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August 15 2022 3:42 AM ˚
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Tyrian Art Studio: A ‘Second home’ to Jordan’s creatives

Tyrian Art began as a studio for Amman’s artists and creatives. From mid-2019 until early 2021, it was a place where they gathered and collaborated on fun, colorful and as workshops for beginners look
Tyrian Art began as a studio for Amman’s artists and creatives. From mid-2019 until early 2021, it was a place where they gathered and collaborated on fun, colorful and as workshops for beginners looking to hone their artistic skills. (Photo: Handout from Tyrian Art)
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AMMAN — Tyrian Art began as a studio for Amman’s artists and creatives. From mid-2019 until early 2021, it was a place where they gathered and collaborated on fun, colorful and as workshops for beginners looking to hone their artistic skills. اضافة اعلان


(Photo: Handout from Tyrian Art)

“It was a place full of support and appreciation for people who enjoy all art mediums,” Tyrian Art’s executive director, Mutasem Amer, told Jordan News in a recent interview.

“We invited photographers, cinematographers, musicians, and even dancers to (participate in) several projects that aimed to open doors for the talents in Amman,” added Amer.

The space included a drawing area, equipped with brushes, paint, and all the tools required to run Tyrian’s weekly workshops, free-of-charge.


(Photo: Handout from Tyrian Art)

After bearing the brunt of the pandemic, however, Tyrian Art was forced to close its doors, albeit temporarily.

“We couldn't sustain a feasible income to keep the operation running, unfortunately. It was a large space, and we were depending on the support from our fellow artists who were very helpful and supportive of the idea,” said Amer.

News of Tyrian’s closure upset those artists, and many of them offered to help revive it.

“Many artists actually wanted to gather funds and donations,” he said.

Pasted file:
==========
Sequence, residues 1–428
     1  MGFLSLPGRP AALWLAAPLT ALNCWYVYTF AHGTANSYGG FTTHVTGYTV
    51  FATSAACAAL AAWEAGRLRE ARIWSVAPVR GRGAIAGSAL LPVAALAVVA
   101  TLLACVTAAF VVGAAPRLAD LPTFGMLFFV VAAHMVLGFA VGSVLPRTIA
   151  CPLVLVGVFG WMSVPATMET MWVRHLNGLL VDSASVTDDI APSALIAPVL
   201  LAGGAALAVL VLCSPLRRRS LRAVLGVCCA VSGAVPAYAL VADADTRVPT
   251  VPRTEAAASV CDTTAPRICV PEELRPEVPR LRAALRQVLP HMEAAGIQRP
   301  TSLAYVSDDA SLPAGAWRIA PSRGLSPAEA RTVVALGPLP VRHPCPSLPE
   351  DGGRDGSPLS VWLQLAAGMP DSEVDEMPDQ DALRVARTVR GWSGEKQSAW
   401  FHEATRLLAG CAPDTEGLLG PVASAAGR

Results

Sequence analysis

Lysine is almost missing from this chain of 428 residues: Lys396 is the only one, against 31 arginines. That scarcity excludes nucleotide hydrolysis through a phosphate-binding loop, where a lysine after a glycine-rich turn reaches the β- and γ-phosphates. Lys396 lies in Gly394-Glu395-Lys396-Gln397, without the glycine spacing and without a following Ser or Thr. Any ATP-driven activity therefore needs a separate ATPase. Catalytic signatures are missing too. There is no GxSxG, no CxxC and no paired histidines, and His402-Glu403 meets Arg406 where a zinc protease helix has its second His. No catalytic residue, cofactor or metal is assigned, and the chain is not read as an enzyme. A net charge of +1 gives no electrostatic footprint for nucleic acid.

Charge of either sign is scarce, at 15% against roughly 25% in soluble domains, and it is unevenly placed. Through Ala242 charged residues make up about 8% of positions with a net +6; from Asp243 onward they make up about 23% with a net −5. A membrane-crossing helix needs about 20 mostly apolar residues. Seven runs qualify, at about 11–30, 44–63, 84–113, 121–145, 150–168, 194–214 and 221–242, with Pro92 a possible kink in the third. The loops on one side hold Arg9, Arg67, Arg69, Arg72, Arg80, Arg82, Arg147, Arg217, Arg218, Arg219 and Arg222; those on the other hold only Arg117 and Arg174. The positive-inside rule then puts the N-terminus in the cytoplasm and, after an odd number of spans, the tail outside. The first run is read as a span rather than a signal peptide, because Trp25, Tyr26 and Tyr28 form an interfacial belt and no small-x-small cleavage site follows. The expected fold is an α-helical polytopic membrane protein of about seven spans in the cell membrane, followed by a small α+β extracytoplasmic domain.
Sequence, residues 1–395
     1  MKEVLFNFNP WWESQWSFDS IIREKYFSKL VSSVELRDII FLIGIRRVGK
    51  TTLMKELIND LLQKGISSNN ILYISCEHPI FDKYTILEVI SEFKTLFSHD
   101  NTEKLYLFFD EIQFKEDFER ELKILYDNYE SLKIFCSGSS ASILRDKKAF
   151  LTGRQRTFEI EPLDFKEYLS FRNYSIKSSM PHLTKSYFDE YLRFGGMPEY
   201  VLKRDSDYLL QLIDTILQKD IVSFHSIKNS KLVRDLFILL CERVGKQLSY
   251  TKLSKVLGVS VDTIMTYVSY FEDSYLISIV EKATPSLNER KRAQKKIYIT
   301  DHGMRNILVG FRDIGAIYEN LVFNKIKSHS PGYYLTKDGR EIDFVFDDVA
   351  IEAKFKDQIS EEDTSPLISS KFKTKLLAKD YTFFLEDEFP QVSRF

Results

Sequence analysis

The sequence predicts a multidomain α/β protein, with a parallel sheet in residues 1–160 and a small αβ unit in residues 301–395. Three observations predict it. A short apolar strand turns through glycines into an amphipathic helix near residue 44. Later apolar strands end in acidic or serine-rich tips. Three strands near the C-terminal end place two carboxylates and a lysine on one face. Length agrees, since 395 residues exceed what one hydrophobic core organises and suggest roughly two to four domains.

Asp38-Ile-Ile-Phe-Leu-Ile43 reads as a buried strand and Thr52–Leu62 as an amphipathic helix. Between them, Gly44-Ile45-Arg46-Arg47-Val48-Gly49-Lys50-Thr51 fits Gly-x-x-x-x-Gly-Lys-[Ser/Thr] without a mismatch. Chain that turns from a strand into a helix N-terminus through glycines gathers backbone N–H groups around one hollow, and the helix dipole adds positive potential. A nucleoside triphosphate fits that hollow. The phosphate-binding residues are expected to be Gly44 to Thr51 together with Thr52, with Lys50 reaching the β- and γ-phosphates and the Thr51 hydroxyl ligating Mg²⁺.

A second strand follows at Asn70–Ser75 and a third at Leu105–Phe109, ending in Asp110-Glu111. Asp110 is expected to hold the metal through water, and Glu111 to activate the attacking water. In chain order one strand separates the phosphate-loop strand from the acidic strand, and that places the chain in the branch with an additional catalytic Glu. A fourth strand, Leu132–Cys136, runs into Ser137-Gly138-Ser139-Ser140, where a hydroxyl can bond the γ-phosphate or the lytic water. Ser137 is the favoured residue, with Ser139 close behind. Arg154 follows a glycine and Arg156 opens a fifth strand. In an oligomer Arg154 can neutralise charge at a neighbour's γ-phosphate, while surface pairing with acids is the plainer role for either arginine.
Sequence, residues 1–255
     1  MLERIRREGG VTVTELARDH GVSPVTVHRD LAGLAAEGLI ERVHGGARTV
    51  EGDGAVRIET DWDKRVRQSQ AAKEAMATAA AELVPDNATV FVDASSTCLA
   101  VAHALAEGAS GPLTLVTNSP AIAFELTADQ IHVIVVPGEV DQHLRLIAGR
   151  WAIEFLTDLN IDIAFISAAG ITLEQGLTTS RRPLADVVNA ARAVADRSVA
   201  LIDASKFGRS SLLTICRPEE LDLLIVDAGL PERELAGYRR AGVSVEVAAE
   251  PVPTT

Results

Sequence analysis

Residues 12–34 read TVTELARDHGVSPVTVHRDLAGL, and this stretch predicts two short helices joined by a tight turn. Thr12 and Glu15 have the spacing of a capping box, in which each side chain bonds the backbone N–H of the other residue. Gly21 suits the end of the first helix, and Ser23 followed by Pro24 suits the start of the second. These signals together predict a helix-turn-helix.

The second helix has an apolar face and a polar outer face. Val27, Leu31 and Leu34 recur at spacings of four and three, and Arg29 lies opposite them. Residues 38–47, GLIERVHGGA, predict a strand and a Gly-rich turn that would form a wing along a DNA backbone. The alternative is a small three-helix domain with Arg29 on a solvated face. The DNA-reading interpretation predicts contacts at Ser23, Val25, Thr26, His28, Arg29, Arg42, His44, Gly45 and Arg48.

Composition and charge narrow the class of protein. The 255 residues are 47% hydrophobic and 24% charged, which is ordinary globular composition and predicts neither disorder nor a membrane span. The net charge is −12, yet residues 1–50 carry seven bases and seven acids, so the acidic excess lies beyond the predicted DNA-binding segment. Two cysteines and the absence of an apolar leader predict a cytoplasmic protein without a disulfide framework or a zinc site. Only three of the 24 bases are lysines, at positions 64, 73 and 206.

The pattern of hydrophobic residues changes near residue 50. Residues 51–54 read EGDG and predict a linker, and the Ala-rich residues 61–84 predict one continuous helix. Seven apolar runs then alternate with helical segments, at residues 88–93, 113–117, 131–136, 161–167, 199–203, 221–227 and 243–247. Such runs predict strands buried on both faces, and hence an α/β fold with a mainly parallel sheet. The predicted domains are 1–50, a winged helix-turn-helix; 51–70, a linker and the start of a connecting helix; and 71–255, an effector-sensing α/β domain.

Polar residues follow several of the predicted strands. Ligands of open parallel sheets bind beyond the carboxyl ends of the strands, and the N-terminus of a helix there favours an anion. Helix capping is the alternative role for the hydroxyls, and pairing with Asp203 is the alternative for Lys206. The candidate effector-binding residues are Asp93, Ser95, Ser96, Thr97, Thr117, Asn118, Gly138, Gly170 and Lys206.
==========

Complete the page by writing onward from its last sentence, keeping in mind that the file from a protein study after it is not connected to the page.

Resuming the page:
To Amer, closing the studio was “not that big of a deal.”

“We loved the place,” he said. “But it was just a small part of the movement we are trying to start. It might sound cliché, but we wanted … to teach people how to love art.”

Amer stated that they aimed to give their members as much artistic content as they could — content that “no other country in the Middle East could provide.”

“We have so much talent here and no one is appreciating, whether it was graffiti, oil paint, murals or digital art, women or men, girls or boys — they're all so talented but no one is willing to pay for their time and talent.”

Amer said that it is depressing for the artists and went as far as stating that “an artist will never make a living from their art in Jordan.”

Saif Fayez, a 21-year-old photographer, thought back to the workshop he ran in September 2019 at Tyrian Art studio, stating it was “a beautiful experience.”

“The workshop was about the basic principles of photography,” he said. “But I chose to do it in a unique way, because … what is most important is that there is no right and wrong in art; If you deliver your message right, then whatever tools you use are right.”

Fayez added that Tyrian Art was very accommodating at the time, providing him with space, PCs, TVs, and equipment to run his workshop smoothly.

“Tyrian was our second home to go work and meet other artists and creatives,” he said.

With plans to reopen in 2022, Tyrian Art is focusing on its social media platforms and website these days.

"Our online platform will be a tool for artists to collaborate, learn new skills, share their stories, and gain recognition. We had to put the operation on hold during the pandemic, and now we have so many ideas we want to implement and several artistic projects in the making,” said Amer. 

“We learned from our mistakes, and we will try our best to give the artistic community the recognition it deserves.” 

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